Before the dieting advice I was eatin a lot more carbs than now, and was eatins a lot of low quality foods, so I suppose my diet was based on carbs. Now I think I am at a 40% carb 40% fats 20% proteins diet instead of the 70% carbs 20% fats 10% protein before...
 

Bubbsie

Well-Known Member
Relationship to Diabetes
Type 2
For type 2 diabetes, there are a number of different courses like Xpert and DESMOND that will also look at how best to learn about food balance.
and my experience of working with dietitians at a number of different hospitals is that they do not give bad advice
Good health and healthy eating is not simply about the blood sugar
Bill well done for eliciting a response...however...I find some of the goodly Professor's views disappointing...firstly it's clear he knows little about the courses run for diabetics...for myself the DESMOND course was not informative..it was.patronising...badly run...it gave no consideration to individuals or alternative diets...or the need for self monitoring blood Glucose...I took/gained nothing from it.

1.the protocol on The DESMOND course followed the standard NHS 'eat well plate'...carbs at every meal...at least one third of a plate...with that regime I have no doubt if I had followed their advice my BG would have still been in double figures.
2.Dietitians do & can give bad advice...as experienced from The Desmond Course I attended...no profession...no matter how sacrosanct can ever be 100% safe from some of its members giving ineffectual/bad...out of date advice.
3.For me as a diabetic (some of you may take exception to that term...my preference to call myself that) Good Health & Healthy eating is all about my blood sugars.
 

Bill Stewardson

Well-Known Member
Bill well done for eliciting a response...however...I find some of the goodly Professor's views disappointing...firstly it's clear he knows little about the courses run for diabetics...for myself the DESMOND course was not informative..it was.patronising...badly run...it gave no consideration to individuals or alternative diets...or the need for self monitoring blood Glucose...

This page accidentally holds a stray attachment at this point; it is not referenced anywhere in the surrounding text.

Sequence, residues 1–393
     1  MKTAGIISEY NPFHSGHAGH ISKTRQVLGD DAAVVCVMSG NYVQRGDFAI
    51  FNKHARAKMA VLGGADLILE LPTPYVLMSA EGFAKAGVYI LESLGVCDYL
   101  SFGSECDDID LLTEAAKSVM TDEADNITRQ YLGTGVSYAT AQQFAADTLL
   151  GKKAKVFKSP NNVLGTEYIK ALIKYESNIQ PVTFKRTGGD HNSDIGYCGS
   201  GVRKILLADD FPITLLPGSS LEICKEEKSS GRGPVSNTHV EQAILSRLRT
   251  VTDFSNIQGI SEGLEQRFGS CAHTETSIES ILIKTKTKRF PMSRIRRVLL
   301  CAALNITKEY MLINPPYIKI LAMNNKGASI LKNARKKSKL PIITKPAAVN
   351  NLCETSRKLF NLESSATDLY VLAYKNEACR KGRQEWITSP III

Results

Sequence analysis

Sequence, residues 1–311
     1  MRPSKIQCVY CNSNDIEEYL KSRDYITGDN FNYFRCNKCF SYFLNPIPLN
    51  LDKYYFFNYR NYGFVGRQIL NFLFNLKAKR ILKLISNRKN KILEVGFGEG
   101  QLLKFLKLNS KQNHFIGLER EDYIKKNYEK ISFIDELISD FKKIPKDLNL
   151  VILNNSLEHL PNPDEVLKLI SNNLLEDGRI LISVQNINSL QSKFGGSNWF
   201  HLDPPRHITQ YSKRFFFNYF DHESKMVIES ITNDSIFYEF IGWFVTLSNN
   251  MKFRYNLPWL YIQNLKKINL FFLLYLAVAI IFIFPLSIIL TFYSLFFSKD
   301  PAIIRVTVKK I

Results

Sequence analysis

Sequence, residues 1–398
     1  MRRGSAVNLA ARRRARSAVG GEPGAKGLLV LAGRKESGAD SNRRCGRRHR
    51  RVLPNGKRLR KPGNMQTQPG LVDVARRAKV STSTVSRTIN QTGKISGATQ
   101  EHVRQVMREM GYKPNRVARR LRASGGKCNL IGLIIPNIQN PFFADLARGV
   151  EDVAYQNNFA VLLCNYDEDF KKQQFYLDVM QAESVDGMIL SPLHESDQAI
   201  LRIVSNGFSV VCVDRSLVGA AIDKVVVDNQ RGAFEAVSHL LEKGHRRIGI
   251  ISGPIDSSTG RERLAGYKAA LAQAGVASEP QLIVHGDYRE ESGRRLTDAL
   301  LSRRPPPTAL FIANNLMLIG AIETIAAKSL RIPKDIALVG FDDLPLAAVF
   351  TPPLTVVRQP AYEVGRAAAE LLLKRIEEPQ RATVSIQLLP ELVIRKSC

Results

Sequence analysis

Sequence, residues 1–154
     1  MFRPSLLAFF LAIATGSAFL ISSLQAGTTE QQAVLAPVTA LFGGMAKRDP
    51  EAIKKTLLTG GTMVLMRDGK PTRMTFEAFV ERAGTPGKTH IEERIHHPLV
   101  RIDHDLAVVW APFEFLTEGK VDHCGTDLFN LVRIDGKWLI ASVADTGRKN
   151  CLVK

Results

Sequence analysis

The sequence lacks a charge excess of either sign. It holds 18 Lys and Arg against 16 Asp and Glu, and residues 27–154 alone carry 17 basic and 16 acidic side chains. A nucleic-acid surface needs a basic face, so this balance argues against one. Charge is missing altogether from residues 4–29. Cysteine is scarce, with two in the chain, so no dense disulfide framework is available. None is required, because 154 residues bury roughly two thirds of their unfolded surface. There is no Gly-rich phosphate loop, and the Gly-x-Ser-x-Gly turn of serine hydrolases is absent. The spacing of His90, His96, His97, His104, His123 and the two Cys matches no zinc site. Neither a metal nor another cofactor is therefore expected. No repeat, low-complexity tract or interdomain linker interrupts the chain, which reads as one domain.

took/gained nothing from it.

1.the protocol on The DESMOND course followed the standard NHS 'eat well plate'...carbs at every meal...at least one third of a plate...with that regime I have no doubt if I had followed their advice my BG would have still been in double figures.
2.Dietitians do & can give bad advice...as experienced from The Desmond Course I attended...no profession...no matter how sacrosanct can ever be 100% safe from some of its members giving ineffectual/bad...out of date advice.
3.For me as a diabetic (some of you may take exception to that term...my preference to call myself that) Good Health & Healthy eating is all about my blood sugars.
Absolutely Bubbsie. I am starting to see a huge chasm between the intent of those at the top of the "treatment tree" and those who actually deal with us on a day to day basis.
This is not where I expected my digging to end up but there you go.

In the end it all comes down to personal choice based upon input from others, which combined with how very different we all are creates something of a lottery. This is the fine margin in which improvements CAN be made.
I will post elsewhere about some stuff which took place on Sunday which will graphically illustrate my points.
 

Bubbsie

Well-Known Member
Relationship to Diabetes
Type 2
Raw carrots! Yum!
I was a real sweets and chocolate eater before I became diabetic. Then I wasn't. To me, what I eat doesn't define me and isn't a prerequisite of my emotional well-being. I really can't understand it being for anyone else. It's just a change of habituated behaviour. When I was a kid I loved plasticine - obsessed with it, you might say. Now I'm not. We change as we age and mature. Self directed change based on self observation just achieves more. I want to be able to spend retirement fishing and with family (especially my grandchildren) the more years I can give myself a chance of with that, the better. Death is inevitable but I just don't want to lasso it and draw it in.